“I really think that’s great, bro.”

“Thanks,” he replied. We cast one final uneasy glance our sister’s way and then let the silence settle around us.

She approached me after school, just as I was about to head out to my car.

“Hey, Autumn,” I greeted her.

She looked surprised. “You don’t seem mad.”

Now I was surprised. Or maybe confused would be a better emotion.

“Why would I be mad?”

“The attack at lunch.”

Oh, yeah, that.

I shrugged. “It’s okay, just a misunderstanding.” I started on my way once more towards the entrance.

She placed a hand on my arm, stopping me just before I made it. My mind rebelled just a little bit at being stopped so close to freedom.

“Luke, it’s not okay. You didn’t deserve that. I should’ve known better.”

I looked at the ginger-haired girl standing beside me looking so sad and went to hug her.

“Sis, I love to death how you jump to Dave’s defense the way that you do. It’s comforting to know he will always have at least one ally to defend him at all times no matter where he’s at. And I mean if he’s out with you he’ll have you, and if he’s out with me, he’ll have me.” I wasn’t sure if I was making a lick of sense but I think she got it. (Yeah, I tend to over-explain things, not sure why I do that, either.)

“So you’re really not mad?”

I pressed a kiss to her bright red hair.

“Really, really, sis. You riding home with me?”

“No, I have band practice.” She kissed my cheek, noticeably cheerier. “Thanks, Luke.”

I gave her a grin.

“No problem. Show ’em who’s boss.”

She smiled and started off towards the band room. I finally got my freedom from this school for the day.

That night, as I was winding down for bed, Dave came into my room. Well, our room; we shared a bunk bed. Still, he climbed up, sat beside me, and asked me a question I’d dreaded for a while he’d ask.

“Who are you taking to Friday’s homecoming dance?”

Immediately my brain began to panic. If I said no one, he’d ask why, and I’d have to lie further. If I told the truth and said I’d be working Friday night with Elijah and the rest of the theater crew (Elijah was not a jock, he was a theater actor, and I worked on, like, the sets and stuff), I worried my brother might start to wonder if I had a thing for the lead actor. I wasn’t ready for him to find out that I did indeed have a thing for another guy, let alone such a popular one.

I agonized over this for a few seconds before realizing what an idiot I was to agonize over this at all. My anxiety was telling me that Dave would somehow make an impossible connection to a secret I held. Really? That was dumb.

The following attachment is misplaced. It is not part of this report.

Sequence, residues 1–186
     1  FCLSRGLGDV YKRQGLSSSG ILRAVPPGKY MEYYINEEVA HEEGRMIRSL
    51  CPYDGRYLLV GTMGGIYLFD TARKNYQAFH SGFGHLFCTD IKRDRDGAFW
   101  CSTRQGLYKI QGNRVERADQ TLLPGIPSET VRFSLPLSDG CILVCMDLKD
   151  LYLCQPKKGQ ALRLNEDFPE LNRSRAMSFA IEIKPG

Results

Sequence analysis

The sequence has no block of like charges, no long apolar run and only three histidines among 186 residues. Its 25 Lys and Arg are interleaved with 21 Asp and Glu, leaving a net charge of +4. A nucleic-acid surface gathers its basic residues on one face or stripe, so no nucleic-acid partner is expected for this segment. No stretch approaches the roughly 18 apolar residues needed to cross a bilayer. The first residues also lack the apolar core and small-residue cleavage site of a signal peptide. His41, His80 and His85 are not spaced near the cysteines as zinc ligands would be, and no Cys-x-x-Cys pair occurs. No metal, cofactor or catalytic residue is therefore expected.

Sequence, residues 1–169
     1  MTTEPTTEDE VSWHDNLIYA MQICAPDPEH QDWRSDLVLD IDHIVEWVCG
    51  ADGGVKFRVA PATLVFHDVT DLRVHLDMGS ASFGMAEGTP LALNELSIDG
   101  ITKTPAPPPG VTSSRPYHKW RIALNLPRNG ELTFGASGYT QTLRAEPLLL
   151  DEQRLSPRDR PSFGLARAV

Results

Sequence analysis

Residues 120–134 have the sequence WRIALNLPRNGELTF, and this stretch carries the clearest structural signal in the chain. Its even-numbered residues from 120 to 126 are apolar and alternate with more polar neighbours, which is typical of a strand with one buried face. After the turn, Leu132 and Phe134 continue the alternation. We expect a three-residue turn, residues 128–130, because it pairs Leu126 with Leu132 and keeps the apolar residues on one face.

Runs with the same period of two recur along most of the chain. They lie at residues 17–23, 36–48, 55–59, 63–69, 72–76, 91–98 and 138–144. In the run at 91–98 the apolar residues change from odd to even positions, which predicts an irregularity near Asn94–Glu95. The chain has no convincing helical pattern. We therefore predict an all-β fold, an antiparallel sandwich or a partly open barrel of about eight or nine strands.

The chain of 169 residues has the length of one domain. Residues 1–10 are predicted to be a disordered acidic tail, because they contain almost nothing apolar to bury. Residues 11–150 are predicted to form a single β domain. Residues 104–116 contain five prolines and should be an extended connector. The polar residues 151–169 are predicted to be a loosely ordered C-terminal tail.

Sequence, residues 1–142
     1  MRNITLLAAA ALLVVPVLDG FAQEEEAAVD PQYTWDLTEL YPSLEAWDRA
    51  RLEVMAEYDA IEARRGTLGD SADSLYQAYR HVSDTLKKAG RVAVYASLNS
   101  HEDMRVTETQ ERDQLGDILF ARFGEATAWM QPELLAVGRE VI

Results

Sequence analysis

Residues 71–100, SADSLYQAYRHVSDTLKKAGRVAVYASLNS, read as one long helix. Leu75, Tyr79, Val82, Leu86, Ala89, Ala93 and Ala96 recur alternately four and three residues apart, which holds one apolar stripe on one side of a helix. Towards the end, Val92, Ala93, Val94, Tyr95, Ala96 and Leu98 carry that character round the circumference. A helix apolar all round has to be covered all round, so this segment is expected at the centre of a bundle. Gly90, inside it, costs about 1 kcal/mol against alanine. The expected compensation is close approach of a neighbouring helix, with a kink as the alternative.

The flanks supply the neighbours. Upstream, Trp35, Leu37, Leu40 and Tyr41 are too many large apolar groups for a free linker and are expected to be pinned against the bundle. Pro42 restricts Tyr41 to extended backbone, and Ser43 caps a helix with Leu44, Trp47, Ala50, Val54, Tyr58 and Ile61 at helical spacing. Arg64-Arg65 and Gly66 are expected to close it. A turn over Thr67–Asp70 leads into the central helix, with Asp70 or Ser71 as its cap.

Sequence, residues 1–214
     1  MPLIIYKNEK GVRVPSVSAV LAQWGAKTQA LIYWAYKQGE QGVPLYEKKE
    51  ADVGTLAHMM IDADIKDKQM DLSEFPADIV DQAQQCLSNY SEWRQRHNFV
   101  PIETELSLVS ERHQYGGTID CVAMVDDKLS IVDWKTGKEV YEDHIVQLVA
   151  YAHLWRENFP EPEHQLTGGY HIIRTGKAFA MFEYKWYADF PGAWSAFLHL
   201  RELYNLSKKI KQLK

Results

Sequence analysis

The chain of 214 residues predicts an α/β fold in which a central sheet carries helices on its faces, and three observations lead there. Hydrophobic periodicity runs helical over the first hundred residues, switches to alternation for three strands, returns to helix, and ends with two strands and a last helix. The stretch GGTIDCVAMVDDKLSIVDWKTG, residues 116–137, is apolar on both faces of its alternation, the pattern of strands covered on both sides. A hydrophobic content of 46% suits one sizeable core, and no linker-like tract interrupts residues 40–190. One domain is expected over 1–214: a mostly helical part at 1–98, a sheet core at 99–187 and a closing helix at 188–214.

“I have to work Friday night, on sets, while the cast rehearses.”

He looked confused, and for a good half a minute, my panic positively raged three times stronger than before. I thought that somehow he’d made that impossible connection.

I was just overreacting…you know…like I do.

“Don’t they need the stage to rehearse?”

He had never been in the theater, and probably never would be, even to save his life. It wasn’t that he hated theater or anything. He simply held absolutely no interest for it. Science however…

I’m getting off course.

“Dave, there’s a whole space behind the curtain at the back of the stage, which is where I build the sets while the cast rehearses in front.”

He looked shocked.

“Wait…there’s not a wall right behind that?”

I laughed, unable to help it. The look on his face made me cut the laughter short, though. I put an arm around him and squeezed.

“Bro, the theater is a magical place full of many secrets.”

He groaned, rolled his eyes, and playfully shoved me away from him.

“Oh, get off it.” He maneuvered his way down the ladder to the ground and looked up at me. “Wish you were coming to the dance, though.”

He loved those social events.

I hated them.

As for Elijah…well, all I really know is that he takes his art seriously. He probably likes dances? He seemed social enough.

I forced a smile at my twin, and lied through my teeth:

“Maybe I’ll stop by if rehearsals stop early.”

See, I was only allowed to work on the set as long as the cast was rehearsing. I’m not sure why the director wanted it that way, but…that’s how it’s always been at this school.

Dave smiled genuinely and left the room to go get ready for bed. I began to let my mind wander about what tomorrow afternoon would entail. I always thrilled at the prospect of Elijah being so close just on the other side of that curtain. Almost as if I could just reach out and...

I sighed. Friday afternoon wasn’t getting here fast enough.